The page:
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Strange Cat in NE OK?

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posted on May, 17 2011 @ 08:56 PM
Actually, that's a good idea. Leave the camera where it is, and go take a measuring stick out and put it in the same spot.

posted on May, 17 2011 @ 08:59 PM
Bobcat, from wiki.

With a gray to brown coat, whiskered face, and black-tufted ears, the bobcat resembles the other species of the mid-sized Lynx genus. It is smaller than the Canada lynx, with which it shares parts of its range, but is about twice as large as the domestic cat. It has distinctive black bars on its forelegs and a black-tipped, stubby tail, from which it derives its name.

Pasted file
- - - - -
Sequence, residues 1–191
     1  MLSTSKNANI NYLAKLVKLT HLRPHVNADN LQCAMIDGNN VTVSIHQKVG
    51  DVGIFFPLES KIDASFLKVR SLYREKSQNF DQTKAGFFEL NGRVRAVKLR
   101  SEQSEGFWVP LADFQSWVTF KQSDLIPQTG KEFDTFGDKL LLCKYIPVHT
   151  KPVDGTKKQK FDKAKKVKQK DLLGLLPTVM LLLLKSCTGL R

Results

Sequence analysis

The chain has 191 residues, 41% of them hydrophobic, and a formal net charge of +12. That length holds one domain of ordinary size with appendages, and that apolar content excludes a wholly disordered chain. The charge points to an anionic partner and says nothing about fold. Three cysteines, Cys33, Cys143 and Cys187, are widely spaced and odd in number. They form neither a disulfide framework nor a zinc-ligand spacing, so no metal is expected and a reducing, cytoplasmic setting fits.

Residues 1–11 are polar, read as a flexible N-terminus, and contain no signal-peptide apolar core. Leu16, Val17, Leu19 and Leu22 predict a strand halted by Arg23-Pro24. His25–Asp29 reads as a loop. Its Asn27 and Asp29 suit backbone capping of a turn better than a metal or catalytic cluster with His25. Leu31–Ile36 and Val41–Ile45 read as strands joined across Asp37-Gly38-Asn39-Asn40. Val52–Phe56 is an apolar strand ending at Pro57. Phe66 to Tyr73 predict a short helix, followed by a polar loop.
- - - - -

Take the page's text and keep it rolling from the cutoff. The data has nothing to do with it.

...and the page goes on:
I think it is some kind of nonhousecat.

posted on May, 17 2011 @ 09:00 PM
The banded tail would suggest its not a native and looks too large for a domestic so the obvious guess would be a feral. Here in Aus a domestic cat turned feral can triple its size in three generations due to the amount of food available to a nocturnal hunter, and we all know how young cats can have a litter.

posted on May, 17 2011 @ 09:04 PM
reply to post by Aeons

Yes, that's a great idea. Thank you.

The game cam doesn't have a flash, so tomorrow in daylight we'll put something out there that we can measure (because we probably won't be able to find the yardstick
) and let the game cam take a couple of pictures of it for comparison, and within a day or two (have to work again tomorrow) I'll post them.


posted on May, 17 2011 @ 09:09 PM
I blew up the picture a bit and a couple things seemed out of place, for it to be her own cat.

If you look at the head of the trail cam pic, the ears seem to be shorter and farther back on the head, compared to her house cat. Looks more like a Cougar.